If you ever wondered about the lasting influence of The Strokes then a sure sign of their ongoing infiltration in the songwriting and sound of young bands can be found in this quickfire and clever slice of indie rock, one that finds a sweet spot between blank-eyed slacker rock and knotty musical intellectualism.

Skelatin, led by Sam Levine,  hail from New Orleans and this track is one half of their 2018 two-track EP of the same name.

NEW MUSIC: Lennard Rubra – L’archetipo di Artemide

 

a1309179780_10

Here’s a great track from Lennard Rubra, a 21 year old multi-instrumentalist from Riccione, Italy. ‘L’archetipo di Artemide’ recalls the sparkling knotty and intertwined guitars of Television and the avant-indie post-rock of the 2000s such as Dirty Projectors and Ponytail.

‘L’archetipo di Artemide’ is the opening track on his recently released debut album Paracusie Notturne.

ALBUM REVIEW: Deep Sea Arcade – Blacklight

deep_sea_arcade_blacklight_1018

It’s been six years since Nic McKenzie and Nick Weaver released their debut album Outlands. On the back of a run of singles they’d built a strong sense of anticipation about that first record and it certainly lived up to expectations. Fast forward to 2018 and how does a band evolve and change over that time? The DSA model is to essentially stick to the template with some refinement and an easing off of the accelerator.

As you’d expect with such a long gestation, they’ve no doubt rewritten and reworked tracks and that has given these ten songs a sense of calm control. The more frantic edges of earlier songs have been rounded off. This is the band sounding less indie psych rock and with more of an ultramodern sheen that embraces electronic and disco sounds as much as it distils the pop and psychedelic qualities of their past work. Mercury Rev, Spoon, Beck, The Horrors are names that come to mind, acts that all relish melodic hooks as equally as they paint in cosmic colours. 

McKenzie’s voice is shorn of some of its more nasally proclivities and is now in perfect marriage with the music. Musically, the Manchester 90s vibe is still there in tracks like Joanna with its dance-ready rhythm section. The closer Ready is a highlight of studio-polished melancholy while Learning To Fly is an absolute ear-worm of a track that uses hooks and repetition to bury itself deep. The other highlight is the single Close To Me with its loping trip hop groove and psych-soul feel that blossoms into one of the duo’s finest choruses.

Black lights are employed for artistic lighting effects as well as diagnostic and therapeutic uses and in that sense it’s a fitting title for a record that looks to combine art-pop and post-relationship dissection. There are moments when form supersedes the strength of the songwriting but overall Blacklight justifies the long wait for this second album.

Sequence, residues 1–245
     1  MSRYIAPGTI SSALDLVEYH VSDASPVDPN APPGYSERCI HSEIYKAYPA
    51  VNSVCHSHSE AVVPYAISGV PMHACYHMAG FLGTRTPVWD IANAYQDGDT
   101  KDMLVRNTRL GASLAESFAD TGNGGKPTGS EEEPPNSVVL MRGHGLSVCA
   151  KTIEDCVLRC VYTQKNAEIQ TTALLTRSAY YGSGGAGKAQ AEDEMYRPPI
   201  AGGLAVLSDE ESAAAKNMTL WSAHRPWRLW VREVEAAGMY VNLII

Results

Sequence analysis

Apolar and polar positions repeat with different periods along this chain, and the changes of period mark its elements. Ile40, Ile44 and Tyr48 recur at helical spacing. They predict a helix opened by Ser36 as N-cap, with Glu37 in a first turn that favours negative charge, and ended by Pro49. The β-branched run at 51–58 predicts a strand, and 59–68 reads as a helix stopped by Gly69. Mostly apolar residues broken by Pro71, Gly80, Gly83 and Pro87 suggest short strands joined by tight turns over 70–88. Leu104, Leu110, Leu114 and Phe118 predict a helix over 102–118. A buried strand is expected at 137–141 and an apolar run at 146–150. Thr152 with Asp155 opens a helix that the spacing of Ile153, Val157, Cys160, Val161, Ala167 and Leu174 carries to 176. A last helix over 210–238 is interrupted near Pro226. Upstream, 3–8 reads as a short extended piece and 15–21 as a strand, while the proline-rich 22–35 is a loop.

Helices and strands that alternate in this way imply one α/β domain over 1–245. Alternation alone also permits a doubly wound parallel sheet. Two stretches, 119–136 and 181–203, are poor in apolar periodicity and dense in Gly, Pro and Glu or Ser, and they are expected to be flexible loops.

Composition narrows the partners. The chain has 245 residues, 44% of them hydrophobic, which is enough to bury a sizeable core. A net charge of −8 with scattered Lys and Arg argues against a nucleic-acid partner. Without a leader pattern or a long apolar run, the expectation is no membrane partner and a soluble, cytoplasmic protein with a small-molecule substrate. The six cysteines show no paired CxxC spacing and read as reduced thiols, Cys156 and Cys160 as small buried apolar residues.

Chris Familton

ALBUM REVIEW: The Goon Sax – We’re Not Talking

goon sax

They were young when they formed, young when they recorded their first album and they’re still only just sloping out of their teens as they release their sophomore album. At its strongest, We’re Not Talking still reaches the same impossibly catchy jangle-pop heights that they impressed with on their debut, but across its 30 minutes some minor risk-taking doesn’t quite pay off. 

Their trademark innocence and honest dives into the realities of approaching and entering adulthood is still intact and if they were previously singing about those things from an observational POV, now they’re reporting from the inside, as they experience them. Other changes include the three band members take a greater share of lead vocals, with Riley Jones’ voice particularly impressing on the tender Strange Light. They’ve also experimented with different instrumentation such as strings, piano and a drum machine, widening their palette from the straight rock trio format.

When the album works it’s a thrilling dash through young love and self-doubt. Opener Make Time 4 Love is brisk, fun and infectious, She Knows is reminiscent of the rough and barely contained sugar rush of The Strokes while Sleep EZ and Get Out recall the golden heyday of Flying Nun’s skewed pop moments. In contrast, other songs such as Now You Pretend are only partly formed interludes. They add variety to the album but they feel like filler before the next primitive, melodic pop explosion occurs.

The many highlights on We’re Not Talking suggest that The Goon Sax are still evolving and successfully exploring the art and craft of confessional, catchy and quirky songwriting.

Chris Familton

NEW MUSIC: Heartthrob Chassis – Sister

heartthrob-chassis-cover-1533852169402

Here’s some blank-eyed, gutter-glam noise-rock from Heartthrob Chassis out of Detroit. The band is headed by Margaret Doll Rod, former songwriter and member of the stage-smashing Demolition Doll Rods.

The track lurches and staggers along with an almost Suicide-like drone quality. Babes in Toyland and early Hole are reference points too, with some added Sonic Youth squalls, dirge and dissonant causticity.

The track comes from Heartthrob Chassis’ recently released full length LP Arrhythmia, out on Milan Records and available to purchase HERE.

NEW MUSIC: The Original Cowards – Curse Of The Commander

23316437_2119533084738757_8953987650156103303_n

Here’s some searing panoramic dust storm countrified rock from The Original Cowards, a trio from Northampton, MA whose self-proclaimed influences include Dinosaur Jr., Neil Young and Crazy Horse, sacred herbs, garage and psych, fuzz, The Who, and thunder. They live up to those lofty aspirations on ‘Curse Of The Commander’, a seven minute track that rumbles, sways and lumbers along with paint-peeling solos and a bedrock rhythm section. They call this song a sonic flip-off the orange American Satan in chief.